So are we really returning back to growth? Well the official numbers indicate that we are back to growth. The access to the markets is not an indication of growth. And I don’t think anyone has claimed that the efforts are over. We still have ways to go but things are a bit better than before.
      So lets roll up our sleeves and get the NPLs sorted out! Lets force the banks to accept their share of the blame with regulations that clearly indicate that lending to people beyond their means (not the value of their collateral) was utterly wrong and the banks will have to accept some of that burden. If the bank accepted a piece of land for a loan, then they should only foreclose that property and whatever they get, that is the final settlement of the debt. If they have failed to properly budget for it then its their problem. Not our collective problem. Protect the economy from the “too big to fail banks” by bringing in more and better banks. If the regulation restricts the access of the banks to one’s assets to only the ones collateralzed then the market will work. Now it is at a standstill as the NPLs affect all assets owned and the linkage between borrowers, guarantors, properties etc blanket the island.

    • avatar
      Περαστικός on October 29, 2015 - (permalink)

      Δηλαδή. Δικαιούμαι να υποθέσω ότι κατα την γνώμη σου δεν υπάρχει τίποτε θετικό με τον δανεισμό του 1 δις?

    • avatar
      Επιλήσμων on October 29, 2015 - (permalink)

      Με τέτοιο επιτόκιο και εγώ θα δάνειζα την Κυβέρνηση εάν είχα διαθέσιμα.
      Θα τους αποκόπτει το 30% γιά την Άμυνα?

  11. avatar
    Savvakis C Savvides on October 29, 2015 - (permalink)

    Thinkingaloud (Epilismon and Paratiritis),
    What you describe regarding the state of the world we live in is very accurate and you are absolutely right. That doesn’t make it right though. Government borrowing is nothing more than an indirect tax on its people that is passed on to future generations and future governments to manage. I know Cyprus is no exception to the rest of the world but this is a much bigger issue which we can perhaps discuss on its own some other day. My paper on “Financial Markets, Bloated Governments and the Misallocation of Capital” addressed some of these issues back in 2012.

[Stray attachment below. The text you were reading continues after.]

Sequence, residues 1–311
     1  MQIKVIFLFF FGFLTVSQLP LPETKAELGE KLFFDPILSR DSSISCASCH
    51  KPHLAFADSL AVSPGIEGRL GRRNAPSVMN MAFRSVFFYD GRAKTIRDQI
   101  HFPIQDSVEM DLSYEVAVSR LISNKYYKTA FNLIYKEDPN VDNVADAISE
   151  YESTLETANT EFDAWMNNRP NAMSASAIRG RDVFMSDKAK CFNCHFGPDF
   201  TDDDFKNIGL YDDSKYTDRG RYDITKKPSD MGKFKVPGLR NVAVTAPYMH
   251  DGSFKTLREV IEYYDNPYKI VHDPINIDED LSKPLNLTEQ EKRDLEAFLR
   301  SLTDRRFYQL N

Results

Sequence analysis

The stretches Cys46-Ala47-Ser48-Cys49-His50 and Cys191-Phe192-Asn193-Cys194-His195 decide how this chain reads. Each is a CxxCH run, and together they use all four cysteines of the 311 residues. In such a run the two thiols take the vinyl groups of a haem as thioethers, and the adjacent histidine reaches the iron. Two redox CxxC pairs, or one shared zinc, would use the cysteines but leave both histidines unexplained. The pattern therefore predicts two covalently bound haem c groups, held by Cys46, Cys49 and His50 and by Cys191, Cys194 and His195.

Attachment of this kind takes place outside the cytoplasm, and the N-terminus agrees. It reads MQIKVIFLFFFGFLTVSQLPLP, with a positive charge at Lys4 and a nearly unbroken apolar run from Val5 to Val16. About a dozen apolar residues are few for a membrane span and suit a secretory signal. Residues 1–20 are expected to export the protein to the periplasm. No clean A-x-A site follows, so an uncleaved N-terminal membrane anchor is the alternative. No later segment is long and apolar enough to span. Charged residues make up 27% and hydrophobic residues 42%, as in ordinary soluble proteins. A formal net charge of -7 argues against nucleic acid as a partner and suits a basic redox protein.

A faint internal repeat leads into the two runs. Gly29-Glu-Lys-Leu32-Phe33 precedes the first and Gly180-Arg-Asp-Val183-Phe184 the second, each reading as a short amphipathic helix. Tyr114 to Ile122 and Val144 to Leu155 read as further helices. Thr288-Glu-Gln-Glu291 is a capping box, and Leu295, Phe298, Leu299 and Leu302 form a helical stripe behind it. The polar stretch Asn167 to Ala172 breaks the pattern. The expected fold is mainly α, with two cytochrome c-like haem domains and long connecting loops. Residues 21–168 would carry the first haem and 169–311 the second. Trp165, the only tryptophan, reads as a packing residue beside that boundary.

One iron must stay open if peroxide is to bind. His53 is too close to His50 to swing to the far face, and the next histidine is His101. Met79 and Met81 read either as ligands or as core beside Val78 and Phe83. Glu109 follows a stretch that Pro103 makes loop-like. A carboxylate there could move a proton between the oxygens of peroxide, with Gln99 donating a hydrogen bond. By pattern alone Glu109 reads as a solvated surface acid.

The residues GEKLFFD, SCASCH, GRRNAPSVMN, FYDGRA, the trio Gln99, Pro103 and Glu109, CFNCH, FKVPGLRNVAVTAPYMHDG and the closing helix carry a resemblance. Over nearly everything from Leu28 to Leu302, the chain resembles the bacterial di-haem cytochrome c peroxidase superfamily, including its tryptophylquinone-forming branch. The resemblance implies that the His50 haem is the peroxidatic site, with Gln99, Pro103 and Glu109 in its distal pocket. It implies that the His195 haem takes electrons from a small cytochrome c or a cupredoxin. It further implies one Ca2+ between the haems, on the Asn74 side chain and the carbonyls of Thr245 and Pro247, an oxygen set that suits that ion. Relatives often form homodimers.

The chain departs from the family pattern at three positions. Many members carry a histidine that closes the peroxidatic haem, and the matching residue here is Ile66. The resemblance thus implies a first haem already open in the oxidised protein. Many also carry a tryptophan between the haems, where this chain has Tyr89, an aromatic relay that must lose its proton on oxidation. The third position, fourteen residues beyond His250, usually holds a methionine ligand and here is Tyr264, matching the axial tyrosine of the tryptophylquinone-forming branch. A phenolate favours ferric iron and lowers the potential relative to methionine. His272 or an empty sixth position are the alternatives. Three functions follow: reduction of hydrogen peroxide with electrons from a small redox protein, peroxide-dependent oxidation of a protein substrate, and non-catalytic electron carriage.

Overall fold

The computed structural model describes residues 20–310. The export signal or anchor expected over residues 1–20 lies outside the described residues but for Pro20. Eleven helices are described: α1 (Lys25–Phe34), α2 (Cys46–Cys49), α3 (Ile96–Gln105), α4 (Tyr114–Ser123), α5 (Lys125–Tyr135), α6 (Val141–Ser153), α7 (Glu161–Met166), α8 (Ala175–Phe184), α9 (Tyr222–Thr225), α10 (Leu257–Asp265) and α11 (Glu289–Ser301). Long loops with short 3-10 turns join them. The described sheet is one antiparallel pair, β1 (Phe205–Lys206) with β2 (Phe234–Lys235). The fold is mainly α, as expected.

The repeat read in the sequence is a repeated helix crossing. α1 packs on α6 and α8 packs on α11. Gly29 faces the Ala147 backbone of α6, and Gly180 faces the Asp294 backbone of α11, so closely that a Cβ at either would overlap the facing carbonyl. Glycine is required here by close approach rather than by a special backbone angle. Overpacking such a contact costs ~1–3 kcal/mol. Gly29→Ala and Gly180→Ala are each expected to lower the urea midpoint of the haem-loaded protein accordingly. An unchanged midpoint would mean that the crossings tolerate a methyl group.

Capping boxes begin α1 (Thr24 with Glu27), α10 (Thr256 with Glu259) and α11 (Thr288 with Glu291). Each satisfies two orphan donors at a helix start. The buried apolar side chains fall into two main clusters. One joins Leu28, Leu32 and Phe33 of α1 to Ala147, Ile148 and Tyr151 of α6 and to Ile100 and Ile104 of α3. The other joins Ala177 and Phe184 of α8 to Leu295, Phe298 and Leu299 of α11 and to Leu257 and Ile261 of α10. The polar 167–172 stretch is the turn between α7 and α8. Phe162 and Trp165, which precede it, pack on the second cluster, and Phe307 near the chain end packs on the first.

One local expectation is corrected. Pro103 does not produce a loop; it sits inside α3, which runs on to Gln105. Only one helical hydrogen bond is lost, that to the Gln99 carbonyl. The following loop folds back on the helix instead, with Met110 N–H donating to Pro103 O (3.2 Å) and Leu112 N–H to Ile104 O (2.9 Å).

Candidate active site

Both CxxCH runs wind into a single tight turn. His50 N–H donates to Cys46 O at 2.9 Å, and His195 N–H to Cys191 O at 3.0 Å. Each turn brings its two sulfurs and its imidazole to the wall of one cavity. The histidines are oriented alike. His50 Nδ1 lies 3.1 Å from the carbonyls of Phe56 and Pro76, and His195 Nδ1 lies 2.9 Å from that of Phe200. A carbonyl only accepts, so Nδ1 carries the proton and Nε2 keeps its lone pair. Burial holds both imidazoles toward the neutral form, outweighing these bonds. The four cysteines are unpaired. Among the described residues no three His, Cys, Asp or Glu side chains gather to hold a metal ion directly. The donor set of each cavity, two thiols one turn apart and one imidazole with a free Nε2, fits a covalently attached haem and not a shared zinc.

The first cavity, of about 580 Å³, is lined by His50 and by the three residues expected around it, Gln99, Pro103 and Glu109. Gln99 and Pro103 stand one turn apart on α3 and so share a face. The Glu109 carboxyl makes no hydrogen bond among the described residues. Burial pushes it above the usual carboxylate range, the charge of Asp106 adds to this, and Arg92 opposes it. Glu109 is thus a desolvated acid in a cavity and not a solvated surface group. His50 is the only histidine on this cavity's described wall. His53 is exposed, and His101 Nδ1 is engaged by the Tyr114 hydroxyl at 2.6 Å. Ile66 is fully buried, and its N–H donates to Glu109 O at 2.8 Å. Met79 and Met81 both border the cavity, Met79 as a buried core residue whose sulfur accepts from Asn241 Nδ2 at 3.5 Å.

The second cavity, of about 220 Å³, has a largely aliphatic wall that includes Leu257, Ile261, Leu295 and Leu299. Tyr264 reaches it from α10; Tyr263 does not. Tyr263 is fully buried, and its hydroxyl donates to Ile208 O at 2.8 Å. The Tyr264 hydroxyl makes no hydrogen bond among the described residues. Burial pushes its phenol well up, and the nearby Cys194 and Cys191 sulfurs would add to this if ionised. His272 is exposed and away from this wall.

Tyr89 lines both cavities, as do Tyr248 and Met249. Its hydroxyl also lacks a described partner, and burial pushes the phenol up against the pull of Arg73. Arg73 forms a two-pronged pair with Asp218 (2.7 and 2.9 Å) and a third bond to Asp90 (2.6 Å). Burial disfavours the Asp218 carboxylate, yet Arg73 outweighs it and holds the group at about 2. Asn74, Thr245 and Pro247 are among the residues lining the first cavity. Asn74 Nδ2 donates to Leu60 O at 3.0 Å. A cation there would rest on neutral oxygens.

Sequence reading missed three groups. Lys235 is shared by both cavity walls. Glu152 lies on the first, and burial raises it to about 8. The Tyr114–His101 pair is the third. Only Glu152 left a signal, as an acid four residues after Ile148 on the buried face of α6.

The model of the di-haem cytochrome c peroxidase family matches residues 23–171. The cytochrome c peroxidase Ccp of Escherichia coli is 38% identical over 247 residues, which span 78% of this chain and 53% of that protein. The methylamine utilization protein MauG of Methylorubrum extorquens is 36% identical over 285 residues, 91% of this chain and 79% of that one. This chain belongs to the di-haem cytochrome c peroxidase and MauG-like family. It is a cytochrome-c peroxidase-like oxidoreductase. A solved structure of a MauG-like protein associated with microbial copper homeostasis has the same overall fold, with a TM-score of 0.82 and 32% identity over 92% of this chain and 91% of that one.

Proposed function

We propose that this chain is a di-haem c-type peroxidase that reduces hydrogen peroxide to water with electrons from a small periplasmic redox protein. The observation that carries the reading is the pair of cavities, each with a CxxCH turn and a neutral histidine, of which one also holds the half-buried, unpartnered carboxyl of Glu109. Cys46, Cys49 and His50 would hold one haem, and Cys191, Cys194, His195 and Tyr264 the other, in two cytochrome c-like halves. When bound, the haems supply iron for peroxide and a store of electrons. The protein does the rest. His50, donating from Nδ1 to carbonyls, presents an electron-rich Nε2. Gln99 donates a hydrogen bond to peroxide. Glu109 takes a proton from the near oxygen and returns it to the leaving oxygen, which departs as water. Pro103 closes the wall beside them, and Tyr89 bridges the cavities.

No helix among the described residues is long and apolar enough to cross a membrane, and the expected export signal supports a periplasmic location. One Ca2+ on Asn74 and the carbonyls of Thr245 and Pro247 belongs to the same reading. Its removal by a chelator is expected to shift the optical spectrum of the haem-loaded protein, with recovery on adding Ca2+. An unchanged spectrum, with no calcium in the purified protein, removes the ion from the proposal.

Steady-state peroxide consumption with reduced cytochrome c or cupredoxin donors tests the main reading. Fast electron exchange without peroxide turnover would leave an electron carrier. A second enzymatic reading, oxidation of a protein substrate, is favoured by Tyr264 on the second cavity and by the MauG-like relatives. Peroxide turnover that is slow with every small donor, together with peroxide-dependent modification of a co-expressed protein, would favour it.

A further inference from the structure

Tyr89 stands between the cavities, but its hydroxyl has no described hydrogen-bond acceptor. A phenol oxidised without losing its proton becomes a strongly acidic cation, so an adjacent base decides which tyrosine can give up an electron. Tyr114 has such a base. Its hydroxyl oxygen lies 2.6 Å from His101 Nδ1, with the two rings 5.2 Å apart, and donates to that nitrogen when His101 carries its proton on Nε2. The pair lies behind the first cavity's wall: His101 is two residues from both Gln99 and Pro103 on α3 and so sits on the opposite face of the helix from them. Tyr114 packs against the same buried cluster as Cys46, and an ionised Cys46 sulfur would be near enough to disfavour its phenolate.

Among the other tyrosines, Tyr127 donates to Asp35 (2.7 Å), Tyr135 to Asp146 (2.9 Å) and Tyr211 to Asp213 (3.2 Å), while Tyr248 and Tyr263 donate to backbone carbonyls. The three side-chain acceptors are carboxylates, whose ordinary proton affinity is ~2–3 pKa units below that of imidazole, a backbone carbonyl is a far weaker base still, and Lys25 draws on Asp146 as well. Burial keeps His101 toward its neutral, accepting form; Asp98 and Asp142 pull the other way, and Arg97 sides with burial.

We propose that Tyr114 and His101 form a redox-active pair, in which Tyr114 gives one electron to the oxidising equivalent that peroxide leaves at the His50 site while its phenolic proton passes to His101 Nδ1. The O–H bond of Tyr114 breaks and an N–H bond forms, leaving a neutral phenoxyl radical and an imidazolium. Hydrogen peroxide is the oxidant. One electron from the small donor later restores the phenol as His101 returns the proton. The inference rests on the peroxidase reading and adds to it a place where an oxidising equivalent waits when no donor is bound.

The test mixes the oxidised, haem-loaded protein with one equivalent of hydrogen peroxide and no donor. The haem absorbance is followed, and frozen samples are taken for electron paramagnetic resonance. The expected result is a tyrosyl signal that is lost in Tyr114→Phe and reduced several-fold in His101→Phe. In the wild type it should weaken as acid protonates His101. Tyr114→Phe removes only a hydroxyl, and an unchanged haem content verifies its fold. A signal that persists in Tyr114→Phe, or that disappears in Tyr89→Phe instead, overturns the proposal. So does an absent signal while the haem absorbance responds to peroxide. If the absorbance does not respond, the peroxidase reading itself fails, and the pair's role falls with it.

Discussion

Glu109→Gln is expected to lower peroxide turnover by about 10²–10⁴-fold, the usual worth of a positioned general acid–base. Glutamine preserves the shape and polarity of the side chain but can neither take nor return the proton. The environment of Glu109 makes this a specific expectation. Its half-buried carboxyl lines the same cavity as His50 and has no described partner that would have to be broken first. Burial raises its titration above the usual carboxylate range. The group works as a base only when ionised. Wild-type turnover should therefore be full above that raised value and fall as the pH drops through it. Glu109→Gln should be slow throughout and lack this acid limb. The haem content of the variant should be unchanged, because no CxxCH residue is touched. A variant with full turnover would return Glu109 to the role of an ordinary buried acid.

My comment regarding the current issue was to highlight what I mention in my article, that the Government sets its own targets (such as to access the Financial Markets) as if this is our salvation and an indicator of their own success. As my friend Epilismon points out, however, the cost of this issue is so high and for so long that it is not really such a great feat as they make it out to be. Moreover, I have three questions to put forward about this and then leave it at that as I don’t want to give the impression that I am negative or that in the grand scheme of guffs that the Govt. has done this one is particularly notable or exceptional.
    1. What is the effective rate when taking into account the total cost of the issue? I have heard that the total amount of money to be paid out (principal plus interest and costs) is over Euro 1.5b. I couldn’t confirm this number whether it is right or not. However, if it is correct, this means that the effective interest we pay is higher than 5%.
    2. The difference between 4.25% and 5% means there are huge costs involved (charges, fees, underwriting commissions and so on). Where did this money go to in Cyprus and abroad? And are these charges competitive given what is usually charged by intermediaries? If they are indeed so high, the charges alone for this issue are higher than the total cost (including charges for intermediaries) paid by most European countries.
    3. Last but not least, and this is my biggest concern, if indeed the outlook for Cyprus is positive, why did we get locked in to such very high yields AND for such a long period of time (ten years)?

    • avatar